If the calendar says September, look out for cruise bargains

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There are two seasons that are great for finding cruise bargains. One is the “wave season”, from January to March, when the cruise lines try to pre-sell their cruises for the summer and fall. The second is September and October, when they try to fill the empty cabins for their fall and winter cruises, and pre-sell next year’s offerings.

September is a time to watch for price drops on upcoming cruises, especially ones setting sail in Star Princess Atrium guitaristthe next couple of months. This is the “shoulder season”, when people go back to work and kids go back to school. That means it’s harder to fill the ships, especially when the weather gets cooler in places like Europe. And as I wrote here, that’s good news for us boomers who aren’t tied to a work schedule any more.

You have to pick your spots, though. According to Cruise Critic, the best cruise deals right now are likely to be in places like northern Europe. The Mediterranean stays warm a bit longer, so the best deals there tend to be for November and December sailings. And it’s still worth going at that time of year: I sailed from Rome to Istanbul in December last year, and the weather was comfortable (though storms can blow up).

You can also get cruise deals this time of year for the Caribbean, and for Hawaii. However, it’s hurricane season in those regions, so the low prices come with a bit of risk attached.  There’s still the odd bargain on the Alaskan routes, too, if you don’t mind some cool temperatures.

This is a good time to look for bargains even if you already have a cruise booked for the coming season. Most cruise lines allow you to cancel your booking up to the date of your finalNorwegian Jade payment (usually 75 to 90 days before sailing) without incurring a penalty. That allows you to rebook and take advantage of sell-off sales that may have popped up.

If you’re booked on a cruise leaving in November, December or January, this could be your last opportunity to find a better price. But make sure any cancellation fees or lost benefits don’t outweigh the savings you get.

Finally, when you’re looking for bargains, remember that the cruise fare is not the only place you can find value. Cruise lines and travel agencies will offer things like on-board credits, free gratuities or free drinks packages to get you to sign with them. These perks can represent a couple of hundred dollars off the final price of your trip, so look at several offers before you book. Better yet, use an experienced cruise travel agent who can help you get the best deal available.

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About Author

Paul Marshman is a retired journalist who spent 30 years as a writer and editor on Canadian newspapers, while travelling to the ends of the earth. Now he continues to travel while passing on his travel experiences to you.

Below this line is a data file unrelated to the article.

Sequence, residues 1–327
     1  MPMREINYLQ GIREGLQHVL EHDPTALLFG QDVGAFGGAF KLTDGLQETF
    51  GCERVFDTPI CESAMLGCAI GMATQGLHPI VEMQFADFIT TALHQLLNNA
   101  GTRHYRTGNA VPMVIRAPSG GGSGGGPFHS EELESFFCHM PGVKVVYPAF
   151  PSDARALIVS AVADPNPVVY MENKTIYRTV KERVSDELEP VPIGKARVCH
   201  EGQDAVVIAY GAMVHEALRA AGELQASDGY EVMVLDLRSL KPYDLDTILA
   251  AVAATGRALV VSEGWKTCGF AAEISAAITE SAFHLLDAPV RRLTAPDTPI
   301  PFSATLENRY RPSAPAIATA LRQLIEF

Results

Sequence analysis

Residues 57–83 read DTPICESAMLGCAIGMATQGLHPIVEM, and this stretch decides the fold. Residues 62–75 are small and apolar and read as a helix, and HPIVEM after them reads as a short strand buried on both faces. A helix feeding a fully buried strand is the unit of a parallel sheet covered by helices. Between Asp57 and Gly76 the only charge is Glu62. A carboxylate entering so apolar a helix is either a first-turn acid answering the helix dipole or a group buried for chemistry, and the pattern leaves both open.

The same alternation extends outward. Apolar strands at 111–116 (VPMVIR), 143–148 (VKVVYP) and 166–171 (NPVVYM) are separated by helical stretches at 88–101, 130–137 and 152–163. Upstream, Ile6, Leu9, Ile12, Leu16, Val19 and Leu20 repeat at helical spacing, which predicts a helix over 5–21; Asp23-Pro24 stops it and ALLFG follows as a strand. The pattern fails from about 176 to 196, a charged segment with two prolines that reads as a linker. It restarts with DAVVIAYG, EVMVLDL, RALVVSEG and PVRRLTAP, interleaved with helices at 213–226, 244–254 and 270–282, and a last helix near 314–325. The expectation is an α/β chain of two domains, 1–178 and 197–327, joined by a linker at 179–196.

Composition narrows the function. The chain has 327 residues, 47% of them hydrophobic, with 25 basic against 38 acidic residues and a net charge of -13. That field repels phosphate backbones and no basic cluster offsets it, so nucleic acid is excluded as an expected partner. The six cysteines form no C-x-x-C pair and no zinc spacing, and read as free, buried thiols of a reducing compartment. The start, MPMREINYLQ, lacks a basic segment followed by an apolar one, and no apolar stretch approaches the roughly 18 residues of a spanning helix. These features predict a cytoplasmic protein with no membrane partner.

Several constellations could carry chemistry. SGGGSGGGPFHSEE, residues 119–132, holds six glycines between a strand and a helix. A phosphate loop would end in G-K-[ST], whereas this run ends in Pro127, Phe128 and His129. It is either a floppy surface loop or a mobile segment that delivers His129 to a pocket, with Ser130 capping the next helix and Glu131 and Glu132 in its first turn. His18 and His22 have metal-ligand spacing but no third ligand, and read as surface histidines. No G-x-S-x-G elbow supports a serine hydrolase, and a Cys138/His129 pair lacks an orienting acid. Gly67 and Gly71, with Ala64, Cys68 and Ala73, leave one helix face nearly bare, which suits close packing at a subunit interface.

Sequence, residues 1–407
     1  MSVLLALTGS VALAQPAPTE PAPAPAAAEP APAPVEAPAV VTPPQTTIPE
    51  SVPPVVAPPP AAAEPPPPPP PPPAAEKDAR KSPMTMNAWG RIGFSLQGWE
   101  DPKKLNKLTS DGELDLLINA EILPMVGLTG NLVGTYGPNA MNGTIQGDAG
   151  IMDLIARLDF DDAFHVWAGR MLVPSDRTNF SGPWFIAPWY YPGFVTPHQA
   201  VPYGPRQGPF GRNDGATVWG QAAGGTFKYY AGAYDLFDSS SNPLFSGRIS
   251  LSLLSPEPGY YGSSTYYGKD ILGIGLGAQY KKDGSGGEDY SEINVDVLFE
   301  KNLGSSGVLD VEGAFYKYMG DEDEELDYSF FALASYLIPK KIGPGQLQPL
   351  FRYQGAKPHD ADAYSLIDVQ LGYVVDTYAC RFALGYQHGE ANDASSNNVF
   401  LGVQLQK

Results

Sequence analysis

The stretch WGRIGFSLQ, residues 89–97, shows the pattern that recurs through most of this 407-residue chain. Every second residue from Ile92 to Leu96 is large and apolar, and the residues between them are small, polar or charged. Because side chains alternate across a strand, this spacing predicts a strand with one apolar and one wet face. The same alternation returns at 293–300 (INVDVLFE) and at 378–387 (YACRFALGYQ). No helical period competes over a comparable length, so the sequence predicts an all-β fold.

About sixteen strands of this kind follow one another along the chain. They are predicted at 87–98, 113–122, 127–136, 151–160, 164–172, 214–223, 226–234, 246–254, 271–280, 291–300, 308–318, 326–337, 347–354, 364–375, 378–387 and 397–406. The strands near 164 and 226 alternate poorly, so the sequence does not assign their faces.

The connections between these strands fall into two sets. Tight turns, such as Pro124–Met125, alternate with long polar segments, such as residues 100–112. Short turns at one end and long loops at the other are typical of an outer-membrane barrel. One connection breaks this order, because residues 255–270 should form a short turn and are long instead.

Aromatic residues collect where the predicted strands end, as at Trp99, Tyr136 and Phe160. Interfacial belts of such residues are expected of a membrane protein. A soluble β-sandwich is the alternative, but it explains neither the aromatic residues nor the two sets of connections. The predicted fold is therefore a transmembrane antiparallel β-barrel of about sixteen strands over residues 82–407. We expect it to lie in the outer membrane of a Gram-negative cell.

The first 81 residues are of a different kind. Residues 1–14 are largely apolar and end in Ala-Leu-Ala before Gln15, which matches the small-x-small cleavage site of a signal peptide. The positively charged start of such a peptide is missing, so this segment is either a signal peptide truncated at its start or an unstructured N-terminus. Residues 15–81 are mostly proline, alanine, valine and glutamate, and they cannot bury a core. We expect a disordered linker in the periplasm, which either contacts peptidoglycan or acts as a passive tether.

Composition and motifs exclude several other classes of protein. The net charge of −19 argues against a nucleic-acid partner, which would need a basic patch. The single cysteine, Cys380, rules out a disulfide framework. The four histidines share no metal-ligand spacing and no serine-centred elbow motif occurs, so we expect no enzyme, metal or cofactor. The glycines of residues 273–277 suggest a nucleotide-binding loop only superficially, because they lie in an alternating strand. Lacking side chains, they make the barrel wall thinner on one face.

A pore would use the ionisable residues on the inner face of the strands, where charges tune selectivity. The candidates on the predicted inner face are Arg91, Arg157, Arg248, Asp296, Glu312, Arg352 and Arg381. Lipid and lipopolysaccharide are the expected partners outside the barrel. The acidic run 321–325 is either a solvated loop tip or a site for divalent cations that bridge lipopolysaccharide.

2 Comments

  1. Good post Paul.

    Whie these are the big seasons, there are pockets of deals throughout the year, as the cruiselines need bookings every month. And sometimes they will entice you to book with a super low refundable deposit, such as $100-150.

    I’ll add the following: most cruisers don’t realize that if they book early ~ say, to get their ideal cabin on a bucketlist cruise ~ if the fare drops before final payment is due (typically 90 days prior to sailing), they are eligible for the lower fare. A couple of caveats: there are a few promotions cruiselines offer with “non-refundable deposits” (so avoid those), penalties can kick in prior to final payent is due on extended or world voyages (read the terms), you’ll have to give up the perks that came with your original fare – and none of this applies for river cruising. But otherwise, this is true for ocean cruising. The cruiselines won’t always tell you this, and it’s one of the things I most enjoy helping people navigate (pardon the pun!).

    Keep up the great work on your blog, and happy travels!

    Cheers,
    Roberta
    Roberta Westwood recently posted…Anzac commemorations at seaMy Profile

    • Thanks, Roberta: Glad you enjoy The Travelling Boomer. That’s a very good tip about cashing in on the lower fares when the 90-day deadline approaches. I know a veteran cruiser who habitually books early, then monitors the fares as the months go by and rebooks until he gets the lowest possible price. I’ve also run into people who’ve snagged incredible fares by booking last-minute: in one case, a couple was staying aboard for the next cruise — at no extra cost!

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